When I contracted a new EAP vendor, I manufactured a reason to schedule several counseling appointments. Okay, so I admit it. With my crazy life, it wasn't that hard to find an excuse. When we started our first Health Reimbursement Account, I enrolled even though my husband's plan was cheaper.
So that I could shop my own HR programs, experience them as a consumer/employee rather than an administrator, catch issues early and speak about our benefits with more credibility. Obviously some benefits, such as short-term disability, workers' comp and life insurance can't really be mystery shopped (because doing so would be fraud) so skip them and focus on sampling your employment application process. Experts like Gerry Crispin as well as family and friends' horror stories condemn the collective candidate experience as pretty dismal.
Every time I tweak my applicant tracking system, I concoct a silly name and apply for a random job to see how the process feels to an applicant. I encourage all HR pros (and heck, CEO's) to do the same. Just as importantly, occasionally apply for jobs with other organizations, no matter how happy you are with your employer. It doesn't really matter what you apply for: courtesy clerk, VP of Talent Management, janitor or sales associate. The point is that you experience the different phases of the application process and notice what is awesome and what is annoying as hell. Then you go back to your own organization and try to incorporate what you liked while eliminating as many nails-on-chalkboard moments as possible.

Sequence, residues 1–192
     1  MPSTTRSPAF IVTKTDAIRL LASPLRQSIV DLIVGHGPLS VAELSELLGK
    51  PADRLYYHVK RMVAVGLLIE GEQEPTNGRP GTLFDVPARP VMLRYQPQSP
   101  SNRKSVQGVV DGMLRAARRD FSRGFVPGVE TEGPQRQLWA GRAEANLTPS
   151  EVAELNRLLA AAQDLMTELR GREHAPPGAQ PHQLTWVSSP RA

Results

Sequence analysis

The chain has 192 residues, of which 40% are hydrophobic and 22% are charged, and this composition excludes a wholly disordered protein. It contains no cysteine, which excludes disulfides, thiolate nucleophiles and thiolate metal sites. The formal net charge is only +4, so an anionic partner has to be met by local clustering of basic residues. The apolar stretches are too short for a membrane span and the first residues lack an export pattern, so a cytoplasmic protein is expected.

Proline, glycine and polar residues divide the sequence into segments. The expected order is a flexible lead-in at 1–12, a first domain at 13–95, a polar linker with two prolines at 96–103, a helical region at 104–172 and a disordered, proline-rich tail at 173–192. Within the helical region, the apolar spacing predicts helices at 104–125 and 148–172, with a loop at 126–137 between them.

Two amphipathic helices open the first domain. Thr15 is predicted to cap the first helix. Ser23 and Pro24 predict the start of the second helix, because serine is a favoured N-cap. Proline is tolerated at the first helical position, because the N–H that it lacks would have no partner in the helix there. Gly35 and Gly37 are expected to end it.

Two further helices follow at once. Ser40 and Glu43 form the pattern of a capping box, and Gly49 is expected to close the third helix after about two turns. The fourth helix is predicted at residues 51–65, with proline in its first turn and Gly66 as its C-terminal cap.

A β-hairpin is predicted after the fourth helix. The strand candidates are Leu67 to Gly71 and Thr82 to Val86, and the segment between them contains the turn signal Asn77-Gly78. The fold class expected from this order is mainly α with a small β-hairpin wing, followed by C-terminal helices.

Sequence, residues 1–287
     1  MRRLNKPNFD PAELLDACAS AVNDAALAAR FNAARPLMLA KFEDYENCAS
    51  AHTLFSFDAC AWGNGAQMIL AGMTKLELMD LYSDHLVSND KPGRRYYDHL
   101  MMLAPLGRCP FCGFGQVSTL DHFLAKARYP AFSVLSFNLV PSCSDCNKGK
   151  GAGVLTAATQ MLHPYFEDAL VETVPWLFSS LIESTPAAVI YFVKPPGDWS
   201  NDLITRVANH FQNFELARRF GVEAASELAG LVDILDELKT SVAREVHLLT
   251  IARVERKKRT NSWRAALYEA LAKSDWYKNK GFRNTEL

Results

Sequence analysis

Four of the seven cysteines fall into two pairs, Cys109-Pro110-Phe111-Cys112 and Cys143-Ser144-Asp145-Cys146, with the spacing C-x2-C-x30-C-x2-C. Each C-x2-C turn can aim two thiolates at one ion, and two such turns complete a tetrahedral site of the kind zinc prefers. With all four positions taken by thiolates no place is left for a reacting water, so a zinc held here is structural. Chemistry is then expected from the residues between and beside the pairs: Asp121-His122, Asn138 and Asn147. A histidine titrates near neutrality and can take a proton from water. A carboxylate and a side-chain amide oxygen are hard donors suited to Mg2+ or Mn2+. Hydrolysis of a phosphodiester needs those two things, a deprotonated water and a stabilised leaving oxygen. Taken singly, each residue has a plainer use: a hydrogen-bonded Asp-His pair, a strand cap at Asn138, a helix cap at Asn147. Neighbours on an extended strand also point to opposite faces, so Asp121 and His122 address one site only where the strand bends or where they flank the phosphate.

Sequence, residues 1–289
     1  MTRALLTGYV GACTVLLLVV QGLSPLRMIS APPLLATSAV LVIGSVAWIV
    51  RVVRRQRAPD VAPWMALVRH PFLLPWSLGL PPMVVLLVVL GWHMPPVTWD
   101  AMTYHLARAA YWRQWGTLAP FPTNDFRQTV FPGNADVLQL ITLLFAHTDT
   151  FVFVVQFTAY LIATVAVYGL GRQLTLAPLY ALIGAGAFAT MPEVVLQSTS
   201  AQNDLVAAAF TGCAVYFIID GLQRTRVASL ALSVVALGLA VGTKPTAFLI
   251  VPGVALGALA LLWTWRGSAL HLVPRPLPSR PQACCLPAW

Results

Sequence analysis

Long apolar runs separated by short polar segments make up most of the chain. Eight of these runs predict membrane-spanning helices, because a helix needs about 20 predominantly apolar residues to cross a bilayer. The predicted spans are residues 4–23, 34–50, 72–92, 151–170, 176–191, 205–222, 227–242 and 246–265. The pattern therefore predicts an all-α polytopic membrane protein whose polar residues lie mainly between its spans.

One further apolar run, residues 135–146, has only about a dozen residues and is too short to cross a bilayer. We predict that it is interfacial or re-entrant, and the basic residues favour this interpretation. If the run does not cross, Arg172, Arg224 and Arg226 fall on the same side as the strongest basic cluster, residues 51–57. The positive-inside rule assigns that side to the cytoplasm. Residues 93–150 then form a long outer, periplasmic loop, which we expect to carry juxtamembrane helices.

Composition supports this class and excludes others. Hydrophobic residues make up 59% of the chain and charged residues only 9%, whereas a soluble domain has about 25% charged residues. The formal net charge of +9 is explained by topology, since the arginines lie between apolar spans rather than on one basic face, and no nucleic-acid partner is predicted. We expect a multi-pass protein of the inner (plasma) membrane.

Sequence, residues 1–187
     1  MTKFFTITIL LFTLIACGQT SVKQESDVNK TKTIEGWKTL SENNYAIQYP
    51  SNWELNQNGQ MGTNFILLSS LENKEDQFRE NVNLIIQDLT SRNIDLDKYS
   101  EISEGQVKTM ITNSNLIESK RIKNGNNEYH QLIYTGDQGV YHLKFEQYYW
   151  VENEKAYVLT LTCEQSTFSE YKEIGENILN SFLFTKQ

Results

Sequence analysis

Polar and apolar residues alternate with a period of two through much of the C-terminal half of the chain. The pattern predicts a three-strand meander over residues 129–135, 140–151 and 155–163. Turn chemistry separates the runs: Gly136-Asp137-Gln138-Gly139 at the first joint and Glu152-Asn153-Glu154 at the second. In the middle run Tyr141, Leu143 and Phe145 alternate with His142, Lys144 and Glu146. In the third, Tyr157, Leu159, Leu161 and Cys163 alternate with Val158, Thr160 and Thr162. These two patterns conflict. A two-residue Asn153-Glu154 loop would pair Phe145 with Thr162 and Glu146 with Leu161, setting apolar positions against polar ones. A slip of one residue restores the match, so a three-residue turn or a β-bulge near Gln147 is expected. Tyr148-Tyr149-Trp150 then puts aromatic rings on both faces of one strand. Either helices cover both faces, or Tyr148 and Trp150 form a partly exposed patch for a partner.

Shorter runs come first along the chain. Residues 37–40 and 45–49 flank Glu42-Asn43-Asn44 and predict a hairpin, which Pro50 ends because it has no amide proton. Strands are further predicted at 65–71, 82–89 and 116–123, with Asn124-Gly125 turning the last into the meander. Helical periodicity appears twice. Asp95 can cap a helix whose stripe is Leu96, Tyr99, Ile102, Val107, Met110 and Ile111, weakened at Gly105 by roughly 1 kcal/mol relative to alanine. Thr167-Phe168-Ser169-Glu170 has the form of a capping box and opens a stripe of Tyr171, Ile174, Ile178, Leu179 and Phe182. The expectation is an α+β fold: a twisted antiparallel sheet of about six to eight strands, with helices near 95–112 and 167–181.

For example, you may encounter a site requiring dozens of screens of application data *AND* on top of that, they want you to upload a resume … a document duplicating 90% of the information so incredibly painstakingly inputted for the last 50 minutes … aargh! And after all that effort, good luck getting any communication at all, even a standard email receipt.
As an HR pro, you don't want top talent being faced with that. Figure out another way to get what you need without inflicting unnecessary and ungainly
processes that prompt people to put their heads through the wall, or worse, abandon the process and go apply somewhere more welcoming.
It's all a balance. This is what works for me. Applicants complete a handful of basic demographic questions. They upload their resume. Then they complete a very short application that is customized by position so that only the most relevant information is requested. After that, they are prompted to answer several questions that delve into some critical logistics and they answer two questions that speak to the core values of my organization. Additional information, such as the criminal background check required by our licensor, can be obtained later if an interview takes place.
While I continue to struggle with communicating adequately with the scores of entry level, part-time hourly applicants–many of whom might fit a different schedule or future job, I do make an effort to communicate with candidates, especially post-interview. We're all using technology, so it is easy to send out no thank you letters or emails explaining delays in the decision process. It's sad to say, but if I didn't shop my own ATS and didn't apply for other jobs from time to time, it's possible I might be a little more complacent about how my candidates experience my organization.
HR metrics and measures abound, but sometimes there's no substitute for what we learn from a little personal experience with the programs and processes we
inflict on create for others. Thoughts, HR pros?
About the author: Krista Francis, SPHR, is nonprofit HR Director and sometimes Acting Executive Director. She lives outside of Washington DC with her soccer-crazy hubby, two active teenagers, a neurotic cat and the best dog in the world, Rocky, aka Party like a Rockstar. In her loads of free time, she tries to keep her scooter running, tests margaritas for quality control purposes and blogs at aliveHR. You can connect with her on Twitter as @kristafrancis.
photo credit: antwerp